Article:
David Cameron speech on Edlington torture brothers a 'big risk'

David Cameron has been accused of 'easy populism' for planning a speech referencing the Edlington torture brothers as an example of Labour's 'moral failure'.

'Labour guilty of moral failure': David Cameron
'Labour guilty of moral failure': David Cameron

Cameron is expected to say today that Labour is presiding over a country in ‘social recession’ and will mention the case of the two brothers being sentenced for attacking two boys in South Yorkshire.

The two brothers are expected to be sentenced today. Judge Mr Justice Keith was told the attackers had grown up in a ‘toxic’ household where violence was a way of life.

Luther Pendragon partner Mike Granatt said the reference by Cameron is a risky move.

‘I think people are looking for easy populism, something that emerges in the pre-election period. It’s a big risk to hang the reputation of a Government on a complex social issue like this, which could have its roots a long time before.

‘I think the risk is that it devalues the real issues and turns them into a political football,’ said Granatt.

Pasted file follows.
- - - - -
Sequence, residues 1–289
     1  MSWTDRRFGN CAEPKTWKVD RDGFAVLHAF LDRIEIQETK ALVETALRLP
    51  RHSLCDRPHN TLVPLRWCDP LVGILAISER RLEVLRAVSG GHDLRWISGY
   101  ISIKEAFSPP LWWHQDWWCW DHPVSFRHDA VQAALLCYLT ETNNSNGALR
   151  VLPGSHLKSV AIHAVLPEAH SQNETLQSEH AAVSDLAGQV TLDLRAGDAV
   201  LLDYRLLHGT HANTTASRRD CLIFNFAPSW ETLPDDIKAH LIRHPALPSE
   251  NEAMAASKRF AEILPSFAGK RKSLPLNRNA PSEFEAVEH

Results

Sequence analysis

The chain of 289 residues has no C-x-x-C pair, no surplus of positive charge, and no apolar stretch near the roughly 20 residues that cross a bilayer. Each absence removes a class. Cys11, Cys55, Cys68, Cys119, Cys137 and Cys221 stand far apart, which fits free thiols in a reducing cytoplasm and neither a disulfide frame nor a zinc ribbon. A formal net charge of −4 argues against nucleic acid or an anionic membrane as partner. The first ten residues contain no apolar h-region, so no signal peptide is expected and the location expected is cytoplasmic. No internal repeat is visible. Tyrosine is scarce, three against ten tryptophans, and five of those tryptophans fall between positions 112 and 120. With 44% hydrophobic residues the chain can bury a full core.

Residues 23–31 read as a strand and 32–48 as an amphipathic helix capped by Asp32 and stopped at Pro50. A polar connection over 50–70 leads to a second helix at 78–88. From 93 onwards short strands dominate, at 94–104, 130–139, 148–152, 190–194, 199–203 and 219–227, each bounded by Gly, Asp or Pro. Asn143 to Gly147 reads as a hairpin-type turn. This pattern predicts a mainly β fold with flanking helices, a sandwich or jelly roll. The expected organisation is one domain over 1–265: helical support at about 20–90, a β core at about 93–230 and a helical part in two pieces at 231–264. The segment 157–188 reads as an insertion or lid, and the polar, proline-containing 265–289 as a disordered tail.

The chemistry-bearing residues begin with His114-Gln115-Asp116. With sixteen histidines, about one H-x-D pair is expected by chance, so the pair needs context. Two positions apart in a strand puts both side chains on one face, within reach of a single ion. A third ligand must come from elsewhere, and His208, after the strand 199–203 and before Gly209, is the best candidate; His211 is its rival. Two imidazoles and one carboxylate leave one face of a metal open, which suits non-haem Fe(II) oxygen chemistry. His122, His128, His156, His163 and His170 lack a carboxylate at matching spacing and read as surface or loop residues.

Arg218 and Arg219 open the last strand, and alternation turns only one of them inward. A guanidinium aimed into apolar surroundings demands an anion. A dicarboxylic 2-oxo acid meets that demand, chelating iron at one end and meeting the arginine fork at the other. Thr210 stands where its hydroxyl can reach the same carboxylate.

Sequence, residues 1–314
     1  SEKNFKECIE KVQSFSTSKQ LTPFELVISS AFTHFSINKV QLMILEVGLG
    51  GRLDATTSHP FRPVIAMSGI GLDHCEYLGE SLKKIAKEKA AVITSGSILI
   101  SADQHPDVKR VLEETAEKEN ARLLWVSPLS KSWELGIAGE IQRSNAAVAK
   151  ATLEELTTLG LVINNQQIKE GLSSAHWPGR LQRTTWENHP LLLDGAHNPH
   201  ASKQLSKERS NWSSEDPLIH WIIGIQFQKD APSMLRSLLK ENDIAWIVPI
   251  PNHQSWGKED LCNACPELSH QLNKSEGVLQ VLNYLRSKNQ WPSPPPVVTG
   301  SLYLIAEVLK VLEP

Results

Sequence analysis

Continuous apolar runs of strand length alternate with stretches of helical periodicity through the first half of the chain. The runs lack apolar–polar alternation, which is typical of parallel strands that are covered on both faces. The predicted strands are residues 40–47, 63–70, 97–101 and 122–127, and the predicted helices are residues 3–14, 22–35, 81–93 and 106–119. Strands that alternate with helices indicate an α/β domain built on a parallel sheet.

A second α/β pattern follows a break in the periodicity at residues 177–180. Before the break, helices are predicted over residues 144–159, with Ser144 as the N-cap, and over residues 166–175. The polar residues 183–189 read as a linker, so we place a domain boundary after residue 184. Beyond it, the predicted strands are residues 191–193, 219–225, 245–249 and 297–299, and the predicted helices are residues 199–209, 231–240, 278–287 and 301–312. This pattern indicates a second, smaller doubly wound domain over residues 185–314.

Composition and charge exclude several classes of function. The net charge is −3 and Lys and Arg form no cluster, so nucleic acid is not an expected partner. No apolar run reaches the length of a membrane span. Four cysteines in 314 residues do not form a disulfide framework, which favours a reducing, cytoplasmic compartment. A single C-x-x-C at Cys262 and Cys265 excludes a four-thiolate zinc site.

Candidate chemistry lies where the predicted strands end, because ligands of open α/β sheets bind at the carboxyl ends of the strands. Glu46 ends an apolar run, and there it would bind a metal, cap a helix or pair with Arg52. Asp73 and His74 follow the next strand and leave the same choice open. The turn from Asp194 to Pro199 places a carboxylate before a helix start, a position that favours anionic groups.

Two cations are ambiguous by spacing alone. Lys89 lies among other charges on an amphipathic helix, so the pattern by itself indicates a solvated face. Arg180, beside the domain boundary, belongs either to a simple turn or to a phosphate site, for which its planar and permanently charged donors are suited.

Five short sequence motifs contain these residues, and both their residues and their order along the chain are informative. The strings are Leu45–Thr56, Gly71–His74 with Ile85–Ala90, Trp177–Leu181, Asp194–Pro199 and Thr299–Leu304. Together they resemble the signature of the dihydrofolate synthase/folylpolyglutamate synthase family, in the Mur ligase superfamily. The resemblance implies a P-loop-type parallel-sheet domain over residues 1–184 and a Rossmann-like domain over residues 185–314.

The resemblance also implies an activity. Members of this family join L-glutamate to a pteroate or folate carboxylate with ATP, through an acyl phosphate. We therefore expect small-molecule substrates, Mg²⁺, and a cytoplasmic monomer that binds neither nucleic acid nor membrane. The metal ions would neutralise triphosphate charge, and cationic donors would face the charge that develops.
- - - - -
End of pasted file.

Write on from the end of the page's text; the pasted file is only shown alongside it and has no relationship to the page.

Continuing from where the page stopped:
Lexington associate director Alex Crowley said: ‘Using high profile cases of human tragedy to make political points is dangerous territory for politicians. Most politicians would be damned for their flash-in-the-pan opportunism, but Cameron is able to enter this territory because it is part of a consistent narrative reflecting genuinely held beliefs.'

Crowley added that Cameron should 'avoid the potholes'  because it 'reflects a strategy that has been developed and sharpened for years. Nick Clegg take note.'

Bell Pottinger Public Affairs chairman Peter Bingle praised the speech as a ‘brave move’.

Bingle said: ‘It’s one of those things that differentiates him from previous Tory leaders. There’s an underclass in the UK that doesn’t vote and has been ignored by parties. They tend to live in inner cities and have been ruled by the same parties for 30 or 40 years.

‘One thing Cameron wants is to take the critical debate into the deprived estates.’

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